The Internation Conference on Photochemistry vol:26th pages:491-491
The International Conference on Photochemistry edition:26th location:Leuven date:21-26 July 2013
Aptamers are short ssDNA or RNA oligonucleotides that bind targets with high affinity and specificity by folding into defined tertiary structures. Thanks to these properties aptamers represent attractive bio-receptors. Traditionally new aptamers are obtained through SELEX, an iterative process in which sequences are selected against target molecules. Generally, aptamer-target interactions are detected in indirect ways relying on labeling of either target or aptamer. However, labeling is not always desirable and label-free detection would be valuable for sensitive detection of binding events. This work explores the use of fluorescent silver nanoclusters (AgNCs) to develop an innovative system for monitoring aptamer-protein interactions.
AgNCs are complexes between few Ag atoms and a specific DNA sequence template to stabilize the clusters. In most cases, AgNCs are synthesized either at the 3’ or 5’ end of the template. Our results show that AgNCs can successfully be generated from a template embedded in the middle of a hybridization probe, used for the isothermal amplification of aptamers, called rolling circle amplification (RCA). RCA uses circular oligonucleotide probes to generate long, ssDNA molecules containing periodic repeats of the circular probe. Previous works show that overexpression of aptamers by RCA increases target binding efficiency compared to monovalent aptamers. The RCA concatemer combines both the aptamer and the fluorescent AgNC template. Subsequently synthetized AgNCs exhibit strong, robust and tunable fluorescence, eliminating the need for labeling. Importantly, it has been shown that aptamer-AgNCs retain the same specificity and affinity for the cognate protein and that target binding results in a drastic decrease of nanocluster fluorescence.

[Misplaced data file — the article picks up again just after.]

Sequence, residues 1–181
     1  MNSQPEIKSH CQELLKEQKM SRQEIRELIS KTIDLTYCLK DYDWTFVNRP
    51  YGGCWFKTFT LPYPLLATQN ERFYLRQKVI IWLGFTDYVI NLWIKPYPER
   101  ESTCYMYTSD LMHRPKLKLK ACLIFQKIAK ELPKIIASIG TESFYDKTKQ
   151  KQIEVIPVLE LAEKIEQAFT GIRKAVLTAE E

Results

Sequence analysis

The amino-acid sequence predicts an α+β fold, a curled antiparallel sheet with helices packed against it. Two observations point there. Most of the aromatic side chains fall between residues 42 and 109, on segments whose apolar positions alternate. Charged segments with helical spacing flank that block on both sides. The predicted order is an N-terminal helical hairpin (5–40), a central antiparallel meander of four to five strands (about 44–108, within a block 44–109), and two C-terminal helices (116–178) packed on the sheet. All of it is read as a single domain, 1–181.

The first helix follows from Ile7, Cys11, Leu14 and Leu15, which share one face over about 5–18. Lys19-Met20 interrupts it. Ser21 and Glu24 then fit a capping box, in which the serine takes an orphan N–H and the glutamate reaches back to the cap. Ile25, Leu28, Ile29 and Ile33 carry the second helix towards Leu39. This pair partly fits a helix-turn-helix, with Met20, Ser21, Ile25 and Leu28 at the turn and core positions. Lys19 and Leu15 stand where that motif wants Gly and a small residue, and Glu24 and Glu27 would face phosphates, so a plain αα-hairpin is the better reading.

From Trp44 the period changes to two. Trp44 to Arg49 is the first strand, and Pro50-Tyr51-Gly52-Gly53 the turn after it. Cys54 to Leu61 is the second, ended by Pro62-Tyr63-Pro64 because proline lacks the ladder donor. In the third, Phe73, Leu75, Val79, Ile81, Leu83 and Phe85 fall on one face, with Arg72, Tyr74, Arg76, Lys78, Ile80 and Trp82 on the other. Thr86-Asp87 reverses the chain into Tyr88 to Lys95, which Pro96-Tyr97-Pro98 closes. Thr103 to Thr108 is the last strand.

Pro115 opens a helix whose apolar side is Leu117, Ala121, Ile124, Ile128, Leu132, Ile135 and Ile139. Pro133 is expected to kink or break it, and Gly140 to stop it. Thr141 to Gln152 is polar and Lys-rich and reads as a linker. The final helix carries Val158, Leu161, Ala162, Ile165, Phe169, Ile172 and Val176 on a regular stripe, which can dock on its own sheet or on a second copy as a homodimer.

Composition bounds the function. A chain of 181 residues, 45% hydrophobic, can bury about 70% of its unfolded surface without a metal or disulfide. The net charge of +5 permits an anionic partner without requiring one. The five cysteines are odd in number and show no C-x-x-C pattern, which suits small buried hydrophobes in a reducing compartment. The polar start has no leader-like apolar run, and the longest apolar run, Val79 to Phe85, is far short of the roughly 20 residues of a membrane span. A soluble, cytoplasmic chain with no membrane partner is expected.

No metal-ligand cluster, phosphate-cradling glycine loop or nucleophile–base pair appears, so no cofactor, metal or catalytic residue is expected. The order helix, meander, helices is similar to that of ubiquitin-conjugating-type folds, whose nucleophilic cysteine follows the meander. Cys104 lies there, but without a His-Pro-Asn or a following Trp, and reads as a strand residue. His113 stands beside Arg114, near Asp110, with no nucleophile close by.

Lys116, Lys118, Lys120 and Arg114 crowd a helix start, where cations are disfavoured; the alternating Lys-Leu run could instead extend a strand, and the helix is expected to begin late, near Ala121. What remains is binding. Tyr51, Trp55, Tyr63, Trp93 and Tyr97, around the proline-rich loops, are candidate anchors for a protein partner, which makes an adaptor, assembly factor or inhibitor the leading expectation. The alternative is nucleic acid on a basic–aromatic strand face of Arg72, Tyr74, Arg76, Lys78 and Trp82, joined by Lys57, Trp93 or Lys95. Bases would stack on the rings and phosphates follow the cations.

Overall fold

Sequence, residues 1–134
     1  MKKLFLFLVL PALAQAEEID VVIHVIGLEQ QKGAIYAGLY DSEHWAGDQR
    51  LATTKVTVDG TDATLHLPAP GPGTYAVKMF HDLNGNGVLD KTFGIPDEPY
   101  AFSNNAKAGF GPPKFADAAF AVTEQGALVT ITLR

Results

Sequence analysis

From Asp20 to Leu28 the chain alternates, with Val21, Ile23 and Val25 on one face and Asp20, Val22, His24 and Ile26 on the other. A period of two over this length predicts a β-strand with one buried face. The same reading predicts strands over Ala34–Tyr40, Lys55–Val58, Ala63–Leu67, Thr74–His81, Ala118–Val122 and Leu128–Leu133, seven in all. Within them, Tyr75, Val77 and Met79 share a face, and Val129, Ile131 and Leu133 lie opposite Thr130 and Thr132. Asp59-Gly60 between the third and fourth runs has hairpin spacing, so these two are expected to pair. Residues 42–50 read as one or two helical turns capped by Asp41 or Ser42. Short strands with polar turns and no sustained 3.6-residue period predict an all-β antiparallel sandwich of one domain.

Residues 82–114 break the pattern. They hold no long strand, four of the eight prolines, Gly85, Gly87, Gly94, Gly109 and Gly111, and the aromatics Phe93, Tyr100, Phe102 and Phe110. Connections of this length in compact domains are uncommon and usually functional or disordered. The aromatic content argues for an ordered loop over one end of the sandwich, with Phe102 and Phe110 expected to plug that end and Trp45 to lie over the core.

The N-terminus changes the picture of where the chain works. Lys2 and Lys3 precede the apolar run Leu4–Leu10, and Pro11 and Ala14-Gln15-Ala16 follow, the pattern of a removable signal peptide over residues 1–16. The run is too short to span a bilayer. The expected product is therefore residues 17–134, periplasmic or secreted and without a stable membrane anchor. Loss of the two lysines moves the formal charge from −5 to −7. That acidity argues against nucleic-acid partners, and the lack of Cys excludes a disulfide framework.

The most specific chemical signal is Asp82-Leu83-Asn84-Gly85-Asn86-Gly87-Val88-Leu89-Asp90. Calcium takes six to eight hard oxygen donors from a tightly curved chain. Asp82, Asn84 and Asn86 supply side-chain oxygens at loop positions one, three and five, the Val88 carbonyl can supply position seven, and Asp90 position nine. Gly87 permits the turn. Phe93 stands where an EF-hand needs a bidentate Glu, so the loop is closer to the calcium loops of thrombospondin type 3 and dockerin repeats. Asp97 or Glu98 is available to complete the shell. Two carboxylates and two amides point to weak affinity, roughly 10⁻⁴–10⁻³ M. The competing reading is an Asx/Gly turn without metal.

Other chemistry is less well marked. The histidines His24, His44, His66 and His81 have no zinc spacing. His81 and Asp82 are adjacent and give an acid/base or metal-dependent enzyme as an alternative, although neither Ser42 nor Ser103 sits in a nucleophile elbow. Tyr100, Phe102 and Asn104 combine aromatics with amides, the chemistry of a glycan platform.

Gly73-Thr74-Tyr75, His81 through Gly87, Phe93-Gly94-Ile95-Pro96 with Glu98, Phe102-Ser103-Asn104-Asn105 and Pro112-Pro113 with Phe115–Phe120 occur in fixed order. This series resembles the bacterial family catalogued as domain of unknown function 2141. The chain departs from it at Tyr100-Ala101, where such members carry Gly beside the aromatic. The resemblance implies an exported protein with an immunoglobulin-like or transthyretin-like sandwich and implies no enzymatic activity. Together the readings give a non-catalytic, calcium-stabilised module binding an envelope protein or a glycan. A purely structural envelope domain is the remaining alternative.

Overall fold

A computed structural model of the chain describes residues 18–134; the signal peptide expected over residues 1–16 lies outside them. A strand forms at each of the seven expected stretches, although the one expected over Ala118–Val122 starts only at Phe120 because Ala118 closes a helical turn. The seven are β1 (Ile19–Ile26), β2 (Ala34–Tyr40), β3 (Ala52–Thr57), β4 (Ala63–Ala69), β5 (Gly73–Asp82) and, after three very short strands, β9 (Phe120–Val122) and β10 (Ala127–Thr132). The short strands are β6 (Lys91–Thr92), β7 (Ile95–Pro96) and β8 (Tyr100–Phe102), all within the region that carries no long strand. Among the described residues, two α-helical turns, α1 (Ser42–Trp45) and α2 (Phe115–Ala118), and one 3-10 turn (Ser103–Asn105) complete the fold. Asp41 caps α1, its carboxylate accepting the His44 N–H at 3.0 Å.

This work explores the integration of an AgNC-aptamer sequence into a circular probe to generate intrinsically fluorescent aptamer concatemers with improved binding efficiency. Possible applications are monitoring target binding during SELEX and label-free ultrasensitive detection of proteins.